The Lokomotive Brings Vintage Appeal to Jupiter

A local couple is expanding their creative business from a coffeehouse on wheels to a fresh, specialty market.

Owners Johnathon Pezzino and Sydney Jacobson.

On the corner of Center Street and Old Dixie Highway stands the old Ferro Via consignment store. The building’s facade displays images of the Jupiter of yesteryear— folks sitting on the front of a steam locomotive. It’s fitting, then, that a shiny silver 1971 Airstream Safari trailer has set up shop here near the railroad tracks.

The vehicle isn’t just camping out; it’s a coffee shop. The Lokomotive (@thelokomotive), as it’s named, belongs to Johnathon “JP” Pezzino and his girlfriend, Sydney Jacobson, who had an idea to serve brews out of their vintage Airstream. They originally parked their business just a few blocks away, at 312 Center Street, last September. Moving to the current location was a natural progression, as Pezzino’s family purchased the old Ferro Via building more than a decade ago.

The Lokomotive is housed in a 1971 Airstream Safari

Classic is the name of the game at The Lokomotive, from the menu to the atmosphere. Pezzino says drinks are made traditionally and without artificial sweeteners or syrups—cappuccino, Americano, macchiato, espresso, drip coffee, and a small variety of lattes. They also serve croissants, classic or with Nutella, but they don’t plan on expanding the food options much further. “We want to focus on what we’re good at, and that’s the coffee,” says Pezzino. The old-school approach continues with the trailer, from its original, ’70s chrome exterior to an interior decked out in a cypress ceiling and western red cedar countertops, giving a cozy atmosphere to the shop’s “micro lounge.” “We think of it as a ‘coffee encounter,’” Pezzino says of imbibing in the indoor space. Patrons can enjoy their drinks on the custom-made couch that wraps around the trailer booth-style, with a small wooden table in the center.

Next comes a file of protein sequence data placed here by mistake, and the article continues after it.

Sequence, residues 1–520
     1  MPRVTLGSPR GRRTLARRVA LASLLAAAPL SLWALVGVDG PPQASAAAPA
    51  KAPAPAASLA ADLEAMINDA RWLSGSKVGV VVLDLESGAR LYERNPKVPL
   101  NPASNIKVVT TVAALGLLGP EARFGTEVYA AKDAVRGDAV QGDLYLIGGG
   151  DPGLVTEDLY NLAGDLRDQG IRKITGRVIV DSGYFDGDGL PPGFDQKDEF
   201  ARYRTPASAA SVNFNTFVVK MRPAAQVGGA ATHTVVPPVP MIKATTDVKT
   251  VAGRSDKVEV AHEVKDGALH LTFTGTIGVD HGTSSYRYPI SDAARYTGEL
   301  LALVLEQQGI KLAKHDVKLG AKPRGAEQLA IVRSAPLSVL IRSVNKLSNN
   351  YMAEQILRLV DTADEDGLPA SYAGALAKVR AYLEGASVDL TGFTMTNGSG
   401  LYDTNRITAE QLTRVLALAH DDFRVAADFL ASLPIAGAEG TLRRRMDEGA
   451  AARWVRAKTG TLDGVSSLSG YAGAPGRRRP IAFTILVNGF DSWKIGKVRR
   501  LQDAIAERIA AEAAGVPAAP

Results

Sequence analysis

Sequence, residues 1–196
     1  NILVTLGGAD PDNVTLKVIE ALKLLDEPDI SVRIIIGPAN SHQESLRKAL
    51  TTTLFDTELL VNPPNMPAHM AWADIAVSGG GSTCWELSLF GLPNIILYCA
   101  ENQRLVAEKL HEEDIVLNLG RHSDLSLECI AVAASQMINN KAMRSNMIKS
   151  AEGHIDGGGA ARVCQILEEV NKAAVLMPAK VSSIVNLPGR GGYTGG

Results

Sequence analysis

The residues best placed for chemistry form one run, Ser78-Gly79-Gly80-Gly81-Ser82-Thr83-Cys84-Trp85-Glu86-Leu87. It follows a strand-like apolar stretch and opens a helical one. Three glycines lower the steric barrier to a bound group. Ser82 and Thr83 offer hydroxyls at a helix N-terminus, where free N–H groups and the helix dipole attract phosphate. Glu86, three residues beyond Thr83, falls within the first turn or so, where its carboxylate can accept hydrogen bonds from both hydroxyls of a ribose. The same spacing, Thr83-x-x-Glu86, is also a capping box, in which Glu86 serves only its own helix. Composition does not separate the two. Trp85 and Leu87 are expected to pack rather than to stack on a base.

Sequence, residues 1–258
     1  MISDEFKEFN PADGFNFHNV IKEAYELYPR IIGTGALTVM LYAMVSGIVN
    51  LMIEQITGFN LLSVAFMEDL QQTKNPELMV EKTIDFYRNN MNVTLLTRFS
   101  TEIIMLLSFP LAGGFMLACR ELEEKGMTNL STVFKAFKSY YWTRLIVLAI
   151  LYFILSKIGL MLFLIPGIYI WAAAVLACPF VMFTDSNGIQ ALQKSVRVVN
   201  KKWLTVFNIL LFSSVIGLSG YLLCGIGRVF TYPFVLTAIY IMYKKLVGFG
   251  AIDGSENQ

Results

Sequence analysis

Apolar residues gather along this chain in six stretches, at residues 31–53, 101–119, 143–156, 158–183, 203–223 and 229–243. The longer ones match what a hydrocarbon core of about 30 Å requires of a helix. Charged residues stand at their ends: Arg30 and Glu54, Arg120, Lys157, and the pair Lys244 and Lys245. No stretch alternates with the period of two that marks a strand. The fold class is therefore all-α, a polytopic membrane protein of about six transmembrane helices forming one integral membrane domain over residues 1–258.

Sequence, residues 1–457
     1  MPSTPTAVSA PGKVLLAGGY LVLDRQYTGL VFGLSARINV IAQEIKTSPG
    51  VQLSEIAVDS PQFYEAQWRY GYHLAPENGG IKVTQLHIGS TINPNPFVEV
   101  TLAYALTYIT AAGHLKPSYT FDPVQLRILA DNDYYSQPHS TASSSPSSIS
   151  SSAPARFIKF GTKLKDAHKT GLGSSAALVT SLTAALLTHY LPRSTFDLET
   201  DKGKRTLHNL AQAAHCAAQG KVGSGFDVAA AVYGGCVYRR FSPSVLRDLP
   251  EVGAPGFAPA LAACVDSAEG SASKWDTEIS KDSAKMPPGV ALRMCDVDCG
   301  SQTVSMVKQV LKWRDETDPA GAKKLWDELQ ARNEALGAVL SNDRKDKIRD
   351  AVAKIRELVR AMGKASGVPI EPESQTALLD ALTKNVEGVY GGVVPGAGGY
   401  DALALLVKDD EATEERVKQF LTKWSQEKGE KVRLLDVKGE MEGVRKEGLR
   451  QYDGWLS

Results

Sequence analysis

Pezzino and Jacobson started brewing coffee around six years ago in their kitchen in Jupiter, letting family and friends sample it to help perfect their craft. “When we’re not working, all we do is go home and study and learn more about [brewing coffee],” says Pezzino. “We’re really stoked every single day to be doing this.”

The couple also has plans to take over Ferro Via and eventually open the location as a “specialty vendors market” (around the end of the year, they estimate). “It will be kind of like what we’re doing with the coffee shop but bringing that customer service and quality to other avenues like fresh fish and veggies, a bakery… just the classic market style,” says Pezzino.

The expansion is a natural extension of The Lokomotive—and gives new meaning to that mural on Ferro Via’s wall. Pezzino explains: “The steam locomotive pulls the rest of the cars; they don’t go anywhere without it. So The Lokomotive is the first part of our business, pulling the rest in tow. We’re right at the railroad tracks—and also, ‘ferrovia’ means ‘iron road’ in Italian.”

105 Center Street, Jupiter 

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